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I was doing some hands-on with the Unix sed command. I was trying out the substitution and append command, in a file. But the difficulty is, I have to create an intermediate file, and then do mv to rename it to the original file.

Is there any way to do it at one shot in the same file?

[root@dhcppc0 practice]# sed '1i\
 > Today is Sunday
 > ' file1 > file1

[root@dhcppc0 practice]# cat file1
[root@dhcppc0 practice]#

The file is deleted!

[root@dhcppc0 practice]# sed 's/director/painter/' file1 > file1
[root@dhcppc0 practice]# cat file1

The file is deleted!

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1  
Anyone down-voted my question? But why? –  kingsmasher1 Jul 31 '11 at 12:31

3 Answers 3

up vote 7 down vote accepted

GNU sed knows an option -i which does in-place edit of the given files.

When doing an operation file1 > file1 what actually happens is, that the file is opened and truncated by the shell before the program (which gets it's name as argument) comes around reading anything from it.

Update:

sed's man page states the following on the -i option (thanks Delan for mentioning it):

   -i[SUFFIX], --in-place[=SUFFIX]

          edit files in place (makes backup if extension supplied)
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Really? You mean using -i option i can substitute and append to same file? Let me try out. –  kingsmasher1 Jul 31 '11 at 12:08
1  
Be sure to avoid short-grouping any other option arguments after -i. I often use sed -i -r to do an in-place sed with EREs, but cannot use sed -ir because that would make a backup, suffixing r to the backup files. –  Delan Azabani Jul 31 '11 at 12:08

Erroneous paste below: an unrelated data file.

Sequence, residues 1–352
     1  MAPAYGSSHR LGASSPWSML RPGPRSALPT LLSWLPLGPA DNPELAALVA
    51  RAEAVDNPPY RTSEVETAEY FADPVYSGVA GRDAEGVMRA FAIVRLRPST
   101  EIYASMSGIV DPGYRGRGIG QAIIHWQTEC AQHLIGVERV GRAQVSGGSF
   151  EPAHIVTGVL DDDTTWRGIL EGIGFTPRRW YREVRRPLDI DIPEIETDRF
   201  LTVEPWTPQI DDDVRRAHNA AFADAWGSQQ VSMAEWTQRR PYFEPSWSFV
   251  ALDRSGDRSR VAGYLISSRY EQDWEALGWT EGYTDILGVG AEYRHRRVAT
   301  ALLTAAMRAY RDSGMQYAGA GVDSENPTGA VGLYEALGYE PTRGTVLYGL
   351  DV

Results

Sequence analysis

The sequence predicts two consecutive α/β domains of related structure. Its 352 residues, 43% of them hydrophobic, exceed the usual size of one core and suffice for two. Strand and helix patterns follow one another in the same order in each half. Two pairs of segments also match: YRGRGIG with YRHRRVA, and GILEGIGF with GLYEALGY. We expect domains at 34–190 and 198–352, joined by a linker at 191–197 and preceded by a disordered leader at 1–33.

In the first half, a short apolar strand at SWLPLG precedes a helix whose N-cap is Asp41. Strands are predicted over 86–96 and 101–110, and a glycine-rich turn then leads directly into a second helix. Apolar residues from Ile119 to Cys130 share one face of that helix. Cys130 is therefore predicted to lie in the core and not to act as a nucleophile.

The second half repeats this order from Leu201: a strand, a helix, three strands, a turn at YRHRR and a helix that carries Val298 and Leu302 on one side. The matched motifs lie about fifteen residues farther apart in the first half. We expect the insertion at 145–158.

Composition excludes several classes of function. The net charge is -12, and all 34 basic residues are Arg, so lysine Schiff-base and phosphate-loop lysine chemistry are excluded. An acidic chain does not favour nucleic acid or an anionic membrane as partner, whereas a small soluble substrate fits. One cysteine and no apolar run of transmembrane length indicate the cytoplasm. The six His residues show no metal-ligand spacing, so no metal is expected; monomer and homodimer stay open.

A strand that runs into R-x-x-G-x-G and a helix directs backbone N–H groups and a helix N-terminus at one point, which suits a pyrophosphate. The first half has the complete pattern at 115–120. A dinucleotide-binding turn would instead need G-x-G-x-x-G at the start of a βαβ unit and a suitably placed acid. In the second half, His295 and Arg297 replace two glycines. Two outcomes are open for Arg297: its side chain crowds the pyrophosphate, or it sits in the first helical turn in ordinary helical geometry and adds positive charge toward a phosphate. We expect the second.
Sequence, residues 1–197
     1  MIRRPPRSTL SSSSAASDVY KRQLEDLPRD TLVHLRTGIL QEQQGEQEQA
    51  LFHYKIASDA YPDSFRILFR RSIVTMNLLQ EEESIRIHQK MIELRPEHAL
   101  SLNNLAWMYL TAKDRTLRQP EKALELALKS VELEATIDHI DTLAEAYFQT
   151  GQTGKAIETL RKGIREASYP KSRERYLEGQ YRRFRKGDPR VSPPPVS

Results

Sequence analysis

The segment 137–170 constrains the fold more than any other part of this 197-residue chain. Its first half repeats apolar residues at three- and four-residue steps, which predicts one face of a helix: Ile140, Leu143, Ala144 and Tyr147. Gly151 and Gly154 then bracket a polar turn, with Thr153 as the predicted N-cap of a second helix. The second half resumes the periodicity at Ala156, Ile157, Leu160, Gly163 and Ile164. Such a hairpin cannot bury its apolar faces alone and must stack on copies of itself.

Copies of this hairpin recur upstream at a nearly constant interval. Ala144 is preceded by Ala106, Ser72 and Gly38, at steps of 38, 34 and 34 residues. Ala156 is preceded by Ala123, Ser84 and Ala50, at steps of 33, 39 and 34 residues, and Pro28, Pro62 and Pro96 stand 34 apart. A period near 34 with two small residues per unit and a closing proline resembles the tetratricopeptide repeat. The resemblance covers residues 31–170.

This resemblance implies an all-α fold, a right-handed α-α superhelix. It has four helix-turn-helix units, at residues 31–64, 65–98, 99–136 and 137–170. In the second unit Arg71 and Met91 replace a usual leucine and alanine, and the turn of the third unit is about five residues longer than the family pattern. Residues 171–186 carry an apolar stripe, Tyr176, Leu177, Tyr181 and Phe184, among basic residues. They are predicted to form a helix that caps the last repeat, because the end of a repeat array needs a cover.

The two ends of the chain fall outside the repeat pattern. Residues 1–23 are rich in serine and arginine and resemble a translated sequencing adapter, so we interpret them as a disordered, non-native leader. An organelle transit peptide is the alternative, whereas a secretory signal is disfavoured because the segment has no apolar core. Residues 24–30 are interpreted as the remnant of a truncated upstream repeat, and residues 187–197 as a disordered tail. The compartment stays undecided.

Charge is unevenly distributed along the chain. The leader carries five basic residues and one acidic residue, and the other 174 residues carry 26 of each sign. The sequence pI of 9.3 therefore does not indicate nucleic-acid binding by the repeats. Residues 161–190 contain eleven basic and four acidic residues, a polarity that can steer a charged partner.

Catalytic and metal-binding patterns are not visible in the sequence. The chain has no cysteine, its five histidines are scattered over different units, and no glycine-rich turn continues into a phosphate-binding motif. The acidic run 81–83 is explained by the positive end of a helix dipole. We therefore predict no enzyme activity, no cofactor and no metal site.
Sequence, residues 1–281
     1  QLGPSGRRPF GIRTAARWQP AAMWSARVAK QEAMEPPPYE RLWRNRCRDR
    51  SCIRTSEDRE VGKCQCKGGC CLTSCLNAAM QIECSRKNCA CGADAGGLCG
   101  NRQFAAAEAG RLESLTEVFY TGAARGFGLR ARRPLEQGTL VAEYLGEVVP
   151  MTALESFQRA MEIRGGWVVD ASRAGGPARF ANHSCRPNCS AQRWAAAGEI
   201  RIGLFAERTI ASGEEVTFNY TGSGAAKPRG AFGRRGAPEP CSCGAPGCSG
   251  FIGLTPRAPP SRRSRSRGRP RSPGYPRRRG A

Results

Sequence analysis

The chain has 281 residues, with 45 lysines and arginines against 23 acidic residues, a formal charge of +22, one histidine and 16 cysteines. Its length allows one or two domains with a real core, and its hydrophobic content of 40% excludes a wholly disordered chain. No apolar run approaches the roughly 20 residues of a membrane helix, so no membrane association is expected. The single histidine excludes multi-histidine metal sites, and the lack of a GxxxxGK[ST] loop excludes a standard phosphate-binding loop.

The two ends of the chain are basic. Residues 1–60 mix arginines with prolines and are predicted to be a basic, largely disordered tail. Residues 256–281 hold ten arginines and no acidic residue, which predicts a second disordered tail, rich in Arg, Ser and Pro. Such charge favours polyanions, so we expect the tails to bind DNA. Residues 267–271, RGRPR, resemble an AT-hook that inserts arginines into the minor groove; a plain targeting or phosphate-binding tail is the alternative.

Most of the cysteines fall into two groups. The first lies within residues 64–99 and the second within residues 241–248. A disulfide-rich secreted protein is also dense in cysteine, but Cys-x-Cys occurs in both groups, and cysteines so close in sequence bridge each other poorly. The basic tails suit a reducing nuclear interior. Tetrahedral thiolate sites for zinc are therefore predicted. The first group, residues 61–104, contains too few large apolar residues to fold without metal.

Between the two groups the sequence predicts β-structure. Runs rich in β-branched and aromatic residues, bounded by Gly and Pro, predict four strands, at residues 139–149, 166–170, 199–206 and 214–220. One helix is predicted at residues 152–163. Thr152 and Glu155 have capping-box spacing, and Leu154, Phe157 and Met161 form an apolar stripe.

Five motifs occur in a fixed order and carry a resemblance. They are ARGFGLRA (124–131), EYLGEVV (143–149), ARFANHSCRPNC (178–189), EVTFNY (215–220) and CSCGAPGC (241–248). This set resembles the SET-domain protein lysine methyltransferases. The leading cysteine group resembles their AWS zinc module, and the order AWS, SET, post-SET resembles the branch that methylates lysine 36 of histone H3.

in-place as in, edit the lines that match, leave others alone. NOT append. –  Marcus Fritzsch Jul 31 '11 at 12:09
    
Wow !!! great it worked. Only thing is, using -i the output to console is suppressed, but yes, it gets appended to the file. Is there any way to use -i and to do console output as well? –  kingsmasher1 Jul 31 '11 at 12:16
    
Not that I know of. You can always use another command in conjunction with the in-place sed. –  Marcus Fritzsch Jul 31 '11 at 12:17

Try this -

sed -i '' 's/originaltext/replacementtext/g' filename | cat filename

-i '' is meant for providing a backup file. If you are confident your replacement won't cause an issue you can put '' to pass no backup file

/g is for replacing globally. If you have more than one originaltext in one line then with /g option will replace all else it will only replace the first.

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sed -i.bak 's/director/painter/' file1

 -i[SUFFIX], --in-place[=SUFFIX]

    edit files in place (makes backup if extension supplied)
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Thank you, yes i tried it worked. But console output is suppressed. Upvote for you and Fritschy :) –  kingsmasher1 Jul 31 '11 at 12:18

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